Even one glass of alcohol can quicken your heartbeat and enlarge the blood vessels in your skin. It could make you perspire. Excessive perspiration and even nocturnal sweats are possible with alcohol withdrawal.

Drinking alcohol interferes with the neurological and endocrine systems’ ability to communicate. This disrupts hormones, which might result in sweating.

  • Weather 

We can all relate to those steamy, muggy summer days where even a little stroll outside leaves us drenched in perspiration. We are more likely to perspire in extreme heat. Furthermore, perspiration has a harder time evaporating from your body in the hot, humid air.

  • Exercise 

Your body temperature rises as you exercise and your heartbeat is raised. Your sweat glands are activated as a result, and you begin to perspire. While exercising, you could lose on average 2 liters of liquid. Water consumption is essential for replenishing lost fluids and cooling your body down before, during, and after an exercise avoiding dehydration

  • Anxiety 

Your sweat glands may be activated by stress chemicals. Your body temperature rises due to an increased heart rate  and blood pressure. Sweating on the palms of your hands and the bottoms of your feet might result from emotional tension.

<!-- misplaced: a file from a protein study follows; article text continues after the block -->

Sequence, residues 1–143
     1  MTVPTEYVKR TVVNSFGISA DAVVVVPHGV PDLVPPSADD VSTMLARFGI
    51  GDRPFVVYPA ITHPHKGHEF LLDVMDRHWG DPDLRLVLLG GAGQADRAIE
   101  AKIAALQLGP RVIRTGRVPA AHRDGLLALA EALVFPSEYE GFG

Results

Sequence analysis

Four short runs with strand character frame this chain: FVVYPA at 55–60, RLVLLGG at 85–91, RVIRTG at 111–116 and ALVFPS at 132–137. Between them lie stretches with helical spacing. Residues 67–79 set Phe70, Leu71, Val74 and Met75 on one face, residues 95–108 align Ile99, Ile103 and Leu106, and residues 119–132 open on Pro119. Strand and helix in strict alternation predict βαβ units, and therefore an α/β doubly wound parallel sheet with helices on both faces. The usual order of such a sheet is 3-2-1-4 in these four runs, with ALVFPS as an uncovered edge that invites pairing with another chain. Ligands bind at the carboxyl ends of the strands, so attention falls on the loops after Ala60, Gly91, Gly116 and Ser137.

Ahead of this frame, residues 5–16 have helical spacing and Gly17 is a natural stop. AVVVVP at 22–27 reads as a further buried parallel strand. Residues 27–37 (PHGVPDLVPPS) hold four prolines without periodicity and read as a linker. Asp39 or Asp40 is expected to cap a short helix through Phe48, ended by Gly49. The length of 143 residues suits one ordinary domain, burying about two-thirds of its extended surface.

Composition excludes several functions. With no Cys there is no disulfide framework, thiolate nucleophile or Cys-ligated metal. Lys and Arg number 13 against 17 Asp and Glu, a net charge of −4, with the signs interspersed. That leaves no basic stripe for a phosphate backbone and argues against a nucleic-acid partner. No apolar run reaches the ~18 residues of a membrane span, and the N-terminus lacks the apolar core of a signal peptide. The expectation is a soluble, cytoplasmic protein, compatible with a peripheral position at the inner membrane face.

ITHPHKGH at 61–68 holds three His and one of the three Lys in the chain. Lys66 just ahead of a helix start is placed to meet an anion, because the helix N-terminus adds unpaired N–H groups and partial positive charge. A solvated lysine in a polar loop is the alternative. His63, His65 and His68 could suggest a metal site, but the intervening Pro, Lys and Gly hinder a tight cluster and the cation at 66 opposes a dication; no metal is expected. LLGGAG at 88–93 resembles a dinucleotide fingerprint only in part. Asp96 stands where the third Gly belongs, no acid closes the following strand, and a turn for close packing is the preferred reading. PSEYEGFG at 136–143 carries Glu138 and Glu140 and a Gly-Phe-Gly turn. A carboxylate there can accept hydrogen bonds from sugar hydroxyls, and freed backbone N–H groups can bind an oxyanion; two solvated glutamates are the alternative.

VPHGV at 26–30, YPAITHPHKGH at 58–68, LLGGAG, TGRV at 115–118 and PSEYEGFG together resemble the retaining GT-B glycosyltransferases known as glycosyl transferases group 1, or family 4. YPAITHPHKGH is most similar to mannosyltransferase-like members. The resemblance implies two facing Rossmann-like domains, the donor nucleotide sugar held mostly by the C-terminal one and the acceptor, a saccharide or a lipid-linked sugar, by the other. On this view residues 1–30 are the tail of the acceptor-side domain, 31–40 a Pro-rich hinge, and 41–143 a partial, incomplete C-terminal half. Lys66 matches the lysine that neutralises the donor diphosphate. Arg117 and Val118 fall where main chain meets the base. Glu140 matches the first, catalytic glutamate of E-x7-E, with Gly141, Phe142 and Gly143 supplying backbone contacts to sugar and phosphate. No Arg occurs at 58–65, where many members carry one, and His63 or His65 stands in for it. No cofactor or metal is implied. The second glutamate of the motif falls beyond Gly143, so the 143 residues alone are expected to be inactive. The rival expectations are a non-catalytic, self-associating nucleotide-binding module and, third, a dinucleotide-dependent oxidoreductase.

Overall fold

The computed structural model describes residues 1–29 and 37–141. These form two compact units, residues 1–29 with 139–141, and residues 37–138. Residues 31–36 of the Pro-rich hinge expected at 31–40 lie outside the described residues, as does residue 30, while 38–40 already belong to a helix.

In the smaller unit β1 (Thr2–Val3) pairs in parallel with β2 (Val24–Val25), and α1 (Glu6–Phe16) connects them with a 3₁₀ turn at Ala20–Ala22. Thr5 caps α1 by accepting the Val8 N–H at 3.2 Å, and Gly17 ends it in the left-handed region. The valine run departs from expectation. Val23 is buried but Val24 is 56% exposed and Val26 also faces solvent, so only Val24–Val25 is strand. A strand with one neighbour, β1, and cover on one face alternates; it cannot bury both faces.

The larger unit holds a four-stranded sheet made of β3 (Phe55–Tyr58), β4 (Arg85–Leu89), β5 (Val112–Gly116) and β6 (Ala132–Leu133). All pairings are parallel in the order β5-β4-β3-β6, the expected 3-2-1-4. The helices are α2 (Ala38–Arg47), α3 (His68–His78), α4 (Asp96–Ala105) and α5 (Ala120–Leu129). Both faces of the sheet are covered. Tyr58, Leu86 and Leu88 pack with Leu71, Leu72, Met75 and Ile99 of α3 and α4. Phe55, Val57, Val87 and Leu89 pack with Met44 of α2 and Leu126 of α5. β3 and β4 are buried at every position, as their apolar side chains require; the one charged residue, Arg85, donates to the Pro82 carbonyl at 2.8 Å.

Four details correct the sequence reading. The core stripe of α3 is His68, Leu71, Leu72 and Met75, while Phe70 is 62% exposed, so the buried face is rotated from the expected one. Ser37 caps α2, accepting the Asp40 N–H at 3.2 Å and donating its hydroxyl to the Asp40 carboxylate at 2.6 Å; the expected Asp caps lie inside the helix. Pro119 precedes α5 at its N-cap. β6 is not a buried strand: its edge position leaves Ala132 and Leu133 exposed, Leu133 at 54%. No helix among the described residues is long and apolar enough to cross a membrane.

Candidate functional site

• Hormonal imbalance

You may have heard about hot flashes or maybe had them yourself. Your oestrogen levels fluctuate during menopause. This makes it challenging for your brain’s hypothalamus, which regulates temperature, to determine whether or not your body needs to be cooled down. The end effect is hot flashes because your body overworks its sweat glands since it believes it is overheated. You could feel clammy, overheated, and perspiring.

  • Caffeine and spicy foods

Sweating amounts might be influenced by what you eat and drink. Your central nervous system, which regulates your sweat glands, is activated by caffeine, including coffee and other caffeinated beverages. Your sweat glands can even be activated by spicy foods like hot sauce and jalapenos.

To balance it out and keep hydrated, you should drink two glasses of water for every cup of coffee you consume.

Final thoughts 

Due to excessive sweating, those with hyperhidrosis have difficulty in many social situations, making it a touchy subject for them. However, if you’ve tried several methods to control your excessive sweating, think about seeing a doctor.

There’s also no reason to be ashamed. To get over this wear light, breathable clothing and also focus on your water intake. Hyperhidrosis is a normal thing and the best you can do is to identify it and act on it at the right time. 

FAQs (Frequently Asked Questions)

Q. What is the main reason for hyperhidrosis?

It is the result of a problem with part of the nervous system called the sympathetic nervous system.

Q. Is hyperhidrosis a mental disorder?

No, hyperhidrosis is not a mental disorder. 

Q. Does hyperhidrosis go away with age?

Yes, hyperhidrosis does seem to get better with age.

Q. How is hyperhidrosis diagnosed?

Hyperhidrosis can be diagnosed with the help of a sweat test.